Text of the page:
The Musical Brain
- Resources from Eric Jensen
(The Brain Store - http://www.thebrainstore.com/store/
- Teaching with the Brain in
Mind and Music with the Brain in Mind - Eric Jensen
- Teaching With the Brain
in Mind balances theory and research with tips and techniques for
applying what we now know about the brain and learning to everyday
classroom practice. From its primer on brain biology to its in-depth
discussions of emotion, memory, and recall, this popular volume is
invaluable for educators looking to better reach students through truly
- Music With the
Brain in Mind - Although compelling evidence supports the value of
the musical arts in school, many of us still fight for its inclusion.
This timely new resource translates the latest brain and music research
and provides practical strategies for incorporating the musical arts at
Auditory - Learning through the Sense of
does the brain process music?
How do we hear?
"Sound waves enter your ear canal and hit
your ear drum. This makes it vibrate. Three tiny bones in your middle ear link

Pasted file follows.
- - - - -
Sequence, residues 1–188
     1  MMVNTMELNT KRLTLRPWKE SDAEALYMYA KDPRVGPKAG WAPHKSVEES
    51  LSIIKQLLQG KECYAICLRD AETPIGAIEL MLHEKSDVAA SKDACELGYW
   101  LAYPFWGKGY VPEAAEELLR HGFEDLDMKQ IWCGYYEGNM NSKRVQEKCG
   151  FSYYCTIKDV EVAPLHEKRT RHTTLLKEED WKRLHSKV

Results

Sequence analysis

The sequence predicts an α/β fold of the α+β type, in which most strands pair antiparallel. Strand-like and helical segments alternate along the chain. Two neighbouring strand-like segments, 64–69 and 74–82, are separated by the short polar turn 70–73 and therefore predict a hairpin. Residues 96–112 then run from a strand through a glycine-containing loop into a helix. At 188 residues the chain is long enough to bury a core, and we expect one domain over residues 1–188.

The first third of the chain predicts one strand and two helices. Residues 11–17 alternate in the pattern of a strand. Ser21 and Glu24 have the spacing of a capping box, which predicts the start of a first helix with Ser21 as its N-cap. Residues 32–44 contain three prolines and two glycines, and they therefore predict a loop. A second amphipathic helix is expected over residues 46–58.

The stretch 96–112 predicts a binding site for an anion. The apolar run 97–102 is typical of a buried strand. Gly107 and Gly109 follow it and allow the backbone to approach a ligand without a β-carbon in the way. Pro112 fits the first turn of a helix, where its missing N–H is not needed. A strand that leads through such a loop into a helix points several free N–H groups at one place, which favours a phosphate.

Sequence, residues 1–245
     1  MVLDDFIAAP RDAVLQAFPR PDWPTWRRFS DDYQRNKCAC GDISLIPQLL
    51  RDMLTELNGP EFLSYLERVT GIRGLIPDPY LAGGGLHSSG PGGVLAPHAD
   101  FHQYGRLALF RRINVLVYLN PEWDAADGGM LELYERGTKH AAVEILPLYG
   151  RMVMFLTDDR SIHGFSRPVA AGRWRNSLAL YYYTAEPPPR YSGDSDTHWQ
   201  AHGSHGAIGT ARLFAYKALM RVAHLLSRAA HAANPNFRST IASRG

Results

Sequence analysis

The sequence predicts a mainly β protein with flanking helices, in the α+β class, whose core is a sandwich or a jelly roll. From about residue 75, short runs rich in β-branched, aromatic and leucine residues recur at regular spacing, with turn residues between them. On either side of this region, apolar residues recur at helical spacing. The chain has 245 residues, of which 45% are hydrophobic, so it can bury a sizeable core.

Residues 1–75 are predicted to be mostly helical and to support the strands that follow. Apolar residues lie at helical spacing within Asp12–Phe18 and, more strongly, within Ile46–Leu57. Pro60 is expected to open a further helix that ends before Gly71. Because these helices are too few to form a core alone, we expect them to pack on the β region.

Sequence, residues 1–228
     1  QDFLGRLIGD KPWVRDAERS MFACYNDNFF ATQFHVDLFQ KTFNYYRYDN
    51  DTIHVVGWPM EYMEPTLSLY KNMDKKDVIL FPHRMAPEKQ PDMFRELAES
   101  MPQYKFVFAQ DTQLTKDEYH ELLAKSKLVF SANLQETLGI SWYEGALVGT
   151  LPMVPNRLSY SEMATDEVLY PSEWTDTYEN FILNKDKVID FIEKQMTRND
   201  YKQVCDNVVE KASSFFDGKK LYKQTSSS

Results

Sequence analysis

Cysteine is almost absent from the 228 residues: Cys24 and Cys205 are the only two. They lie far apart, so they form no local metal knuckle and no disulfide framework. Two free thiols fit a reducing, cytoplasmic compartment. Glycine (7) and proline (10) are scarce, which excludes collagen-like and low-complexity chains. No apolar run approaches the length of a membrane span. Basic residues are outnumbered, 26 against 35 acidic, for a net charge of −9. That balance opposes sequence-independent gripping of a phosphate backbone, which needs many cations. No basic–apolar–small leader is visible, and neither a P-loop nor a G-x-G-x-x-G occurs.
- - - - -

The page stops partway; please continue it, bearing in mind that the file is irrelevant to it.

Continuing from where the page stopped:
the vibrating ear drum with the inner part of your ear. The last of these bones
is connected to a tiny bone structure that looks a bit like a snail shell, but
is about the size of a pea. It is called the cochlea (pronounced cock-lee-ah).
Your cochlea is filled with a liquid that carries the vibrations to thousands of
tiny hair cells. Each cell is tuned to a particular sound (or frequency). As
these little hair cells move in the fluid, they carry a message to the nerve
that is connected to your brain, which turns this signal into what you hear. All
this happens in a fraction of a second." Resource: http://www1.mydr.com.au/default.asp?article=3361
Seeing, Hearing, and Smelling
the World - Howard Hughes Medical Center
This is a great website
presenting research on how we hear and how the brain processes sensory
input. These readings are optional, but they provide some wonderful
resources for understanding how we know the world through auditory
experiences. Here's a quote from "Sensing Change in the
Environment." "Everything we know
about the world comes to us through our senses.
Traditionally, we were thought to have just five of them—sight, hearing,
touch, smell, and taste. Scientists now recognize that we have several
additional kinds of sensations, such as pain, pressure, temperature, joint